(This article has been reviewed and approved with evidence based research references)
Everyone talks about Anti-ageing ingredients and products in skincare, but anti-ageing is such a broad and profound term used in skincare that it covers everything from antioxidants to collagen peptides, and to other peptides and vitamin derivatives that have even just a little effects on reversing signs of ageing. You may hear about the term Glycation regularly, but just not in skincare, so here's what you should know about glycation and why the skin needs anti-glycation.
What is Glycation
Glycation is the covalent attachment of a sugar to a protein or lipid. Our collagen in the skin is a type of protein that is in charge of the skin's elasticity and firmness. When sugar gets attached to the skin's collagen, the collagen begins the glycation process and starts to break down and become less elastic. Not only that, there are wastes and by-products of the glycation process called Advanced Glycation End products (AGEs), that cause oxidative stress to the skin and body, which in turn, accelerate the ageing process. Glyoxal is also a toxic dicarbonyl compound capable of damaging cells via AGE formation. One of the AGEs formed in the presence of glyoxal is carboxymethyl lysine (CML), which has been used extensively as a biomarker for aging.
Signs of Glycation
Advanced Glycation End Products in skin cells are known to promote stiffness and loss of elasticity through their buildup in connective tissue, however they are also linked to other skin concerns such as
Loss of elasticity - Collagen breakdown.
Prone to pimples and blemishes - Micro inflammation from Glycation.
Pore issues - Oxidative stress due to AGEs.
Signs of fine lines and wrinkles - Loss of matrix support due to AGEs.
Hyperpigmentation - Skin response to AGEs.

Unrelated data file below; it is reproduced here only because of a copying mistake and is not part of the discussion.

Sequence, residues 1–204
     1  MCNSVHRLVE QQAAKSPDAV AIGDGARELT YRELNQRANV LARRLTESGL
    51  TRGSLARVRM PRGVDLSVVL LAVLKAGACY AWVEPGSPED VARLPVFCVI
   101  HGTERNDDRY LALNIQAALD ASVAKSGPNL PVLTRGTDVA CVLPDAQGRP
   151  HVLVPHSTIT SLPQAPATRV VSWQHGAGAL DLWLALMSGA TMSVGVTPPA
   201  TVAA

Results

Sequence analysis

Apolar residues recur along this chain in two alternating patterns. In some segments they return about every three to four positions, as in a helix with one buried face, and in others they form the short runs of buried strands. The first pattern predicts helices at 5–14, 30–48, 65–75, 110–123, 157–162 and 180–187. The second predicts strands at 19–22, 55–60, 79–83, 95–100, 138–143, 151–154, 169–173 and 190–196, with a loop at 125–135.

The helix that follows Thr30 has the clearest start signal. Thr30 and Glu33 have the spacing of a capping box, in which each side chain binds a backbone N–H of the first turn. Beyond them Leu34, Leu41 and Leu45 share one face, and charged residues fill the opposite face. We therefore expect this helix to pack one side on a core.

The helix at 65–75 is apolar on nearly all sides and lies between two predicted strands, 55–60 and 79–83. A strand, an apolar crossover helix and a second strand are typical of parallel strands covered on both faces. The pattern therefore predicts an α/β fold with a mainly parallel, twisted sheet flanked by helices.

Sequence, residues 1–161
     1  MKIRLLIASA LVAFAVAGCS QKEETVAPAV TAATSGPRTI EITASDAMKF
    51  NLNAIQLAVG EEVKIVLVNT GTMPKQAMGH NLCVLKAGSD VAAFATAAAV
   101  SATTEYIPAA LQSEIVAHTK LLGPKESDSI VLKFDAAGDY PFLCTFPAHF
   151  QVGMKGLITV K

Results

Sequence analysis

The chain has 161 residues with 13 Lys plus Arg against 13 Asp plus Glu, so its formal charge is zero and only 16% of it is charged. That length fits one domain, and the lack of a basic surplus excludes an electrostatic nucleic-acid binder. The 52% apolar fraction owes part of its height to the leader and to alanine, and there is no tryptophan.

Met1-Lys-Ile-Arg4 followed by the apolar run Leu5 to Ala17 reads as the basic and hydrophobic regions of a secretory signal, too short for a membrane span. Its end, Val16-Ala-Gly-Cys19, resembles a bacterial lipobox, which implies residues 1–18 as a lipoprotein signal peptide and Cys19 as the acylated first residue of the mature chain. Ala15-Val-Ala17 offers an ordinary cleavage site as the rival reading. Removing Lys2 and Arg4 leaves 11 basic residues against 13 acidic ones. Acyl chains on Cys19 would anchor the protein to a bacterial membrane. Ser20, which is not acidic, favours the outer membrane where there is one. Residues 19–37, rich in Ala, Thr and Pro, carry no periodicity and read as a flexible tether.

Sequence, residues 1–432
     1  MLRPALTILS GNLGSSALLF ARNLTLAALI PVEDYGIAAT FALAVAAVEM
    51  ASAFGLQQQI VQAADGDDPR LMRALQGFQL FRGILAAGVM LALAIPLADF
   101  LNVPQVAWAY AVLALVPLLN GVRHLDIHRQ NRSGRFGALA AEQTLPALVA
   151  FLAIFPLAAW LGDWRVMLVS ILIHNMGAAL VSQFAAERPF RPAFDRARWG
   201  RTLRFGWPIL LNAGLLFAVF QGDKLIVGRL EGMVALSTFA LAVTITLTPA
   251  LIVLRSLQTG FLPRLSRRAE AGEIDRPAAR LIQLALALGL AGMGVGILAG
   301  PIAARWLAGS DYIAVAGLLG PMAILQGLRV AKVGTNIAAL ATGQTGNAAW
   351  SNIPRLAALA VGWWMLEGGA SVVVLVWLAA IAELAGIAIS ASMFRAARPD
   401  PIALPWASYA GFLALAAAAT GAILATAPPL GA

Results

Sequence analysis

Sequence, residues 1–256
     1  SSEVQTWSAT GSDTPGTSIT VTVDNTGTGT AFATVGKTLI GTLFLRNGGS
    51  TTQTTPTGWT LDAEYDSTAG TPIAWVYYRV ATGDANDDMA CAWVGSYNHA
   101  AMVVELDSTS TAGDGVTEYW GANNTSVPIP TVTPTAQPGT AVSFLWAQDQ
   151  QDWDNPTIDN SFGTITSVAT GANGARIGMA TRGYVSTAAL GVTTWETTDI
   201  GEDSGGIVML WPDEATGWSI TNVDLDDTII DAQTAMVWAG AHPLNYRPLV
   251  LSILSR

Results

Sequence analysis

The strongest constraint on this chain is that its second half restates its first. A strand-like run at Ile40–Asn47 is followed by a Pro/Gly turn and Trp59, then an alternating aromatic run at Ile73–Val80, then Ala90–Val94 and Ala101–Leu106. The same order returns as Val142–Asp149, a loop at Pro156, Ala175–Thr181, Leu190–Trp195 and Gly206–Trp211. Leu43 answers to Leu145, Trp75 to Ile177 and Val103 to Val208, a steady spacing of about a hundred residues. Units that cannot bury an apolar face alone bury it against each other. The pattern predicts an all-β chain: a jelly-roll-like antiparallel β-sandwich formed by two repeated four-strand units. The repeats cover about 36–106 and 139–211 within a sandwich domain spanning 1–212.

While all the above skin conditions can be complex and are often as a result of a combination of environmental factors, however, researches have shown that Glycation also plays a significant role in the deterioration of these skin issues and cause skin ageing and premature ageing.
Premature or Mature Ageing?
Many of us have come to an age where we accept the natural ageing and believe that our skin is supposed to be wrinkled, dull, not elastic etc, and we gladly welcome ourselves into the mature age after turning 30 or even in our early 20s. After we turn 40 and 50, we further believe that the skin should naturally look saggy, with no hope for it to be young again. We talk about premature ageing quite often, while you may think it doesn't apply to you, researches have shown that most signs of ageing are as a result of premature ageing. Premature ageing shows signs of ageing that happened faster than what natural ageing should, and therefore could be adding a significant amount of years of aged appearance on the skin. Glycation plays an important role in causing premature ageing. Researches have shown that Premature ageing can be prevented and some even reversed over time through the right methods and ingredients.
What causes Glycation?
Typical sugars that participate in glycation are glucose, fructose, or their derivatives. Every time we put the delicious fruit or chocolates into our mouth, we are at risk of skin glycation. Glycation is inevitable and most food that we eat and their digested by-products could cause Glycation. But here are ways to help you reduce the amount of Glycation and reverse some of the already damaged signs due to Glycation.